There’s been some discussion lately on Twitter and Facebook within the feminist/LGBT communities over how we should use the term “bisexual.” The question is whether or not using the term is a form of non-binary erasure. That is, does saying “bisexual” inherently exclude people who have a non-binary gender identity (such as myself)?
My position on the subject is that, yes, the term “bisexual” implies an exclusion of trans* people.
It was pointed out to me recently that the words “homosexual” and “heterosexual” aren’t used properly in modern colloquial contexts. Etymologically speaking, the Greek word homos means “same” (duh) while the Greek hetero- means “other” rather than “opposite,” which is how we tend to interpret it in modern English.
Now, again speaking etymologically, the Latin bi- means “two.” (Two, twice, double, etc.) It was argued to me that the word “bisexual” is actually supposed to mean one is attracted to the “same or other” sex, combining the meanings of the roots hetero- and homo-. Looking purely at the origin and root of the words, this latter definition is plainly wrong. Saying “bisexual” explicitly states that one is attracted to two sexes/genders. However, I will grant some credence to the argument since I’m by no means an expert on language.
Even granting that, I still reject the notion that saying “bisexual” is an inclusive term to non-binary people.
As I stated above, the word “heterosexual” is commonly understood to mean “attracted to the opposite sex.” (Or gender, which we’ll get into later.) Most people who identify as heterosexual probably intend it to mean “opposite” and not “other.” In addition, many English-speakers are familiar with the prefix bi-, as it shows up in lots of other contexts meaning “two.” For example: biannual, binary, bicycle, etc. To a common English-speaker, the word “bisexual” says “attracted to men and women”.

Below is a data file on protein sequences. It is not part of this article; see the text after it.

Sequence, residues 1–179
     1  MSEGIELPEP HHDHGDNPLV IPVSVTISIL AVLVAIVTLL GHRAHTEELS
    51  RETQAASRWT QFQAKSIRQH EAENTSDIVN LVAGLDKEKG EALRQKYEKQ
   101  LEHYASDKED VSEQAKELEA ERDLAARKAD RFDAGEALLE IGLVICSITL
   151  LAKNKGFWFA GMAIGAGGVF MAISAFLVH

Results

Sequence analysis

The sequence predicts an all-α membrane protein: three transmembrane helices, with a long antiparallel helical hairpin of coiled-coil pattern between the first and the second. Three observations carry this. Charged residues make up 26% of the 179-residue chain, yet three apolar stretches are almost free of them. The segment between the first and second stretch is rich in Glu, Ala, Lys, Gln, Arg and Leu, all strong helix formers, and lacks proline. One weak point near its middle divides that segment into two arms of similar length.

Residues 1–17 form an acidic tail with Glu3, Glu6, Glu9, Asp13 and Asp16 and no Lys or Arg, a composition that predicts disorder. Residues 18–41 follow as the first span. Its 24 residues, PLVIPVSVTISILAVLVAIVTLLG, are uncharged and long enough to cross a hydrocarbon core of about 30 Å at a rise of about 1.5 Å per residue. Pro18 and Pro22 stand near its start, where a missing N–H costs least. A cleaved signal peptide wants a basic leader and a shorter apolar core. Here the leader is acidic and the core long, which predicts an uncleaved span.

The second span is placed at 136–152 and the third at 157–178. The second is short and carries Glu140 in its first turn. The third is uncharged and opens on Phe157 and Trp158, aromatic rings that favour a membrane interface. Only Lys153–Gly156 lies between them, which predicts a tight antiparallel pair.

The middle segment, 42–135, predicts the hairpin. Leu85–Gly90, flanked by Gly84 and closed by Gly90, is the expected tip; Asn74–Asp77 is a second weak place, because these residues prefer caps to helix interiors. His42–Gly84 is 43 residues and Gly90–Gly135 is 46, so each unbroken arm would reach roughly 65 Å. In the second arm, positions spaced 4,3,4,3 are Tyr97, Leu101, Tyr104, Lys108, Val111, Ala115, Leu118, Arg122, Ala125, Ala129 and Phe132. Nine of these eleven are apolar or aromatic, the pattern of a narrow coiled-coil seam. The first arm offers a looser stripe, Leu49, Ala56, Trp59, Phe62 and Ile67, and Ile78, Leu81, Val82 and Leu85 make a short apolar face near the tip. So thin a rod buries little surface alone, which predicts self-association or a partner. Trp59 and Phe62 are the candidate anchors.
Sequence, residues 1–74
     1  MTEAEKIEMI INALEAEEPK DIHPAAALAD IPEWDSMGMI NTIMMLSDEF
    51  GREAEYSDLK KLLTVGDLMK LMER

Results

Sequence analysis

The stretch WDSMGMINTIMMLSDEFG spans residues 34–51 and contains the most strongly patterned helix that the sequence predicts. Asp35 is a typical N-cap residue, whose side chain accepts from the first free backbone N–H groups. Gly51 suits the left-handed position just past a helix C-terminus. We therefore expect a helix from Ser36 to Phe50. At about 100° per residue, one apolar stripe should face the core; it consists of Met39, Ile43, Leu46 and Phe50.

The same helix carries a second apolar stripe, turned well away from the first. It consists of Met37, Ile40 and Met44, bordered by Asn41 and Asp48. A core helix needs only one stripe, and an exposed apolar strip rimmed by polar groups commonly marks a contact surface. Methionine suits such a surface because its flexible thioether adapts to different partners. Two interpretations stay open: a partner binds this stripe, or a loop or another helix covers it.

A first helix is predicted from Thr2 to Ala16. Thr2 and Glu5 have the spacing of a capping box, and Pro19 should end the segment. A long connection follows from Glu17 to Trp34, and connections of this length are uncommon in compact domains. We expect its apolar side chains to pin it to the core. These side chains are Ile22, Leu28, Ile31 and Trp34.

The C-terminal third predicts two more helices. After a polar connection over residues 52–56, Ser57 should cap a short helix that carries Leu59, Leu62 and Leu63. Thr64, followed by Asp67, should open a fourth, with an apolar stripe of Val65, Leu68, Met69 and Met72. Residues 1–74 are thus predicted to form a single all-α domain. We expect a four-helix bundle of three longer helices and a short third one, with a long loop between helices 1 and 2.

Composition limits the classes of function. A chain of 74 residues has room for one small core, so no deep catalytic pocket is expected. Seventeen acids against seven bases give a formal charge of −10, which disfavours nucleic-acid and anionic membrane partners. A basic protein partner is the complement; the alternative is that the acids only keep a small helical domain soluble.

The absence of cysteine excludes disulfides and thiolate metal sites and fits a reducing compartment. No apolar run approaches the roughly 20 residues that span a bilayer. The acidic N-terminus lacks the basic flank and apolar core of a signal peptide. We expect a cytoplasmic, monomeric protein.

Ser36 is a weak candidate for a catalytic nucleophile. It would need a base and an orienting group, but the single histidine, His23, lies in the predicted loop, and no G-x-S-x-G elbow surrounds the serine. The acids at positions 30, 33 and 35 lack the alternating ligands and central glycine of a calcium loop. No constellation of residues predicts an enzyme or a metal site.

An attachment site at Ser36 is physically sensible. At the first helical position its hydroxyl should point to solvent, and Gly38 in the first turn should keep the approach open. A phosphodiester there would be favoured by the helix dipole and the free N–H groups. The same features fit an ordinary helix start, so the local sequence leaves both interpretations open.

There are also plenty of people who use “bisexual” to include attraction to people of a range of genders/sexes/presentations. Knowing that this ambiguity of intent exists, I can’t rightly say that every time someone claims to be bisexual, they’re excluding and erasing non-binary people.
But they’re certainly not challenging the binary by using this label (as I see it) incorrectly.
Seemingly, most people are not very aware of trans* issues, nor would they factor the existence of trans* people into their personal sexual identities. Unless people are faced with a trans* person, the idea is intangible to them. The existence of trans* people is a challenge to their worldview, so if they’re faced with one, they’re made to confront their views about gender as a binary. A lot of the time, the response is anger because a crossing of the gender binary can be perceived as a threat to their sexuality. (Or to their claim on the gender, which I have actually heard and don’t understand.)
This is the reality for trans* people who don’t “pass” as cis; just part of their every day lives. This is part of why I openly identify as “pansexual” rather than bi. I pass as cis every day, and most of the time I don’t disclose my gender identity unless it’s necessary. However, I’m plenty liberal with telling people that I’m attracted to people of different gender/sex/presentation combinations. It feels safer for me to shed light on non-cis people when they aren’t me. But it is a great opportunity to challenge cisnormativity.
I use the term “pansexual” in conversations where I know the definition is unknown to my fellow chin-waggers because I expect them to not know what it means and inquire. I use it as an opportunity to call to their attention the existence of non-cis people, and the existence of a sex life for those people. As someone who seems cis by all accounts, it doesn’t really hurt me at all to call attention to gender non-conformity.
So, I advocate that cis people especially who identify as bisexual in a way that includes trans* people should instead identify themselves as “pansexual,” if for nothing but it challenges the assumption of a binary to the average person. If you say “bisexual” in a language steeped in Latin roots, you’re giving the wrong impression to the ignorant and to the non-binaries you’re potentially attracted to. Or if not the wrong impression, at least an ambiguous one.
And that’s not even including the fact that some bisexual people are actually only attracted to cis people, for whom the word is not meant to be inclusive. Genitals can play part in our attractions just as much as secondary sex hormones and presentation. But that’s a post for later this week. =]
If you liked this, there’s a “Like” button somewhere. There are also “share” buttons if you think others might enjoy reading or tearing down my terrible arguments. Look for part two later this week!